13. Religion. "The brain was made for religion and religion for the human brain. In every second fof the believer's conscious life religious belief plays multiple, mostly nurturing roles. All the followers are unified into a vastly extended family, a metaphorical band of brothers and sisters, reliable, obedient to one supreme law, and guaranteed immortality as the benefit of membership." (149). Priests: "They sacralize the basic tenets of civil and moral law, comfort the afflicted, and take care of the despreately poor. Inspired by their example, followers strive to be righteous in the sight of man and Go. The churches over which they preside are centers of community life." (150)  "The great religions are also, and tragically, sources of ceseless and unnecessary suffering. They are impediments to the grasp of reality needed to solve most social problems in the real world. Teir exquisitely human flaw is tribalism." (150). Need for memebership in a group. Religious groups defined by their creation story and by privileging its own members. "Faith is biologically understandable as a Darwinian device for survival and increased reproduction. It is forged by the success of the tribe, the tribe is united by it when competing with other tribes", etc. (151-2). "For ages no tribe vould survive unless the meaning of its existence was defined by a creation story. The price of the loss of faith was a hemorrhage of commitment, a weakening nad dissipation of common purpose." (152-3). Religion fosters tribalism: "Faith is the one thing that makes otherwise good people do bad things" (154); "faith has hijacked religious spirituality" (155). Intellectual compromisers face Kierkegaard's dilemma of the Absolute Paradox, the intellectual inconsistency of a personal God. "As Carl Jung once said, some problems can never be solved, only outgrown. (...) The best way to live in this real world is to free ourselves of demons and tribal gods." (158).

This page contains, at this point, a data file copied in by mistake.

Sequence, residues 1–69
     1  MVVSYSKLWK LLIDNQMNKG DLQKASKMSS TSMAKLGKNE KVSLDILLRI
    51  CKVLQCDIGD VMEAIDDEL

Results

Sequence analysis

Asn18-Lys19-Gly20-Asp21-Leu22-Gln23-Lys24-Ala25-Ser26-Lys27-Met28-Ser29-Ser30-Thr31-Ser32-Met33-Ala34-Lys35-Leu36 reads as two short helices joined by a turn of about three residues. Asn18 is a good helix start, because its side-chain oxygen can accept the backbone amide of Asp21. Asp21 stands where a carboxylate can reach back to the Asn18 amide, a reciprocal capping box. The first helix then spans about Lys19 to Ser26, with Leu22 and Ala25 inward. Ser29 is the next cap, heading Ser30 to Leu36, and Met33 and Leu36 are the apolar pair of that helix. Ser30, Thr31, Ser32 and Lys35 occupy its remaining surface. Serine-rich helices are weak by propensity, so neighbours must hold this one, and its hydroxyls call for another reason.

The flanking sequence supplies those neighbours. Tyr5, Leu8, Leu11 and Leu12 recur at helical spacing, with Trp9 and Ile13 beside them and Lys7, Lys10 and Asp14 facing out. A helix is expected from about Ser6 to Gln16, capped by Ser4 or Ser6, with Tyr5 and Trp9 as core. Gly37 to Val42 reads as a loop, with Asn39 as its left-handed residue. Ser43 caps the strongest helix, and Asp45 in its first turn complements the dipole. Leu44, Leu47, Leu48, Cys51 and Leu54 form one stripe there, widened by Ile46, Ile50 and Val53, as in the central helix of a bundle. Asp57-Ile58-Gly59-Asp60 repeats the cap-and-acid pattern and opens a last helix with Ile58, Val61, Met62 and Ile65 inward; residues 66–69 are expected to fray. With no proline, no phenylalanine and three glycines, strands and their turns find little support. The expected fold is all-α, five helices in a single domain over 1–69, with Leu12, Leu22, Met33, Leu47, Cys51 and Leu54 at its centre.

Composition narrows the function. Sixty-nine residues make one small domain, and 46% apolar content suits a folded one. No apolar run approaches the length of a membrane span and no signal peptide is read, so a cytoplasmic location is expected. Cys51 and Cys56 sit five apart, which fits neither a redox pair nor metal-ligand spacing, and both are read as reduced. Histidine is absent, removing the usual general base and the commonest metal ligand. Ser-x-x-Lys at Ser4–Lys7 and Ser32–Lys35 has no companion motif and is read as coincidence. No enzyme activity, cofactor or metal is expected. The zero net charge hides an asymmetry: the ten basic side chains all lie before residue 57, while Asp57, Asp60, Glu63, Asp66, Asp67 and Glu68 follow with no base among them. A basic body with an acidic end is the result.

14. Free will. "I don't believe it is too harsh to say that the history of philsoophy when boiled down consists mostly of failed models of the brain" (161). Project of neuroscience (the Brain Activity Map) to connect all processes of thought to a physical base. It should be feasible to study the emergence and nature of consciousness in a scientific way, as it is the result of evolution. "The second point of entry into the realm of consciousness and free will is the identification of emergent phenomena—entities and processes that come into existence only with the joining of preexisting entities and processes. They will be found, if the results of current research are indicative, in the linkage and synchronized activity of various parts of both the sensory system and the brain." (165). The nervous system can be conceived as a superorganism, analogy with termites. Selective nature of human perception, we are aware of a small part of the space-time and energy fields in which we exist. Our perception allows us to see and know the events that matter for our survival. Another elemnto for our understanding of decision and consciousness is our current understanding of "the human necessity for confabulation. Our minds consist of storytelling." (167). Stories as a means to organize and use information, applying past stories—"Then we look forward to create—not just to recall this time—multiple competing senarios. They are weighted against one another by the suppressing or intensifying effect imposed by aroused emotional centers. A choice is made in the unconscious centers of the brain, it turns out from recent studies, several seconds before the decision arrives in the conscious part." (167). (Conscious awareness is then in part an emergent result of these competing scenarios, and a way to manage them through increased attention. An important issue here—Wilson proposes a narrative theory of consciousness, in which fiction and possible stories play an all-important role for decision-making and generate our impression of freedom—JAGL). "Conscious mental life is built entirely from confabulation. It is a constant review of stories experienced in the past and competing stories invented for the future. By necessity most conform to the present real world as best it can be processe by our rather paltry senes. Memories of past episodes are repeated for pleasure, for reharsal, for planning, or for various combinations of the three. Some of the memories are altered into abstractions and metaphors, the higher generic units that increase the speed and effectiveness of the conscious process.  // Most ciionscious activity contains elements of social interactions. We are fascinated by the histories and emotional responses of others. We play games, both imaginary and real, based on the reading of intention and probable response" (168). (And all this might be related to our account of the symbolic-interactional theatre of interiority—JAGL). "The self cannot exist as a paranormal being living on its own within the brain. It is instead the central dramatic character of the confabulated scenarios. In these stories it is always on center stage, if not as participant then as observer and commentator, because that is where all of the sensory information arrives and is integrated. The stories that compose the conscious mind cannot be taken away from the mind's physical neurobiological system, which serves as script writer, director, and cast combined. The self, despite the illusion of its independence created in the scenarios, is part of the anatomy and physiology of the body" (169). That does not mean it can be fully analyzed or reconstructed; so we can believe in the illusion of free will. "And that is a very fortunate Darwinian circumstance. Confidence in free will is biologically adaptive. Without it the conscious mind, at best a fragile dark window on the real world, would be cursed by fatalism." So, free will exists "if not in ultimate reality then at least in the operational sense necessary for sanity and thereby for the perpetuation of the species." (170).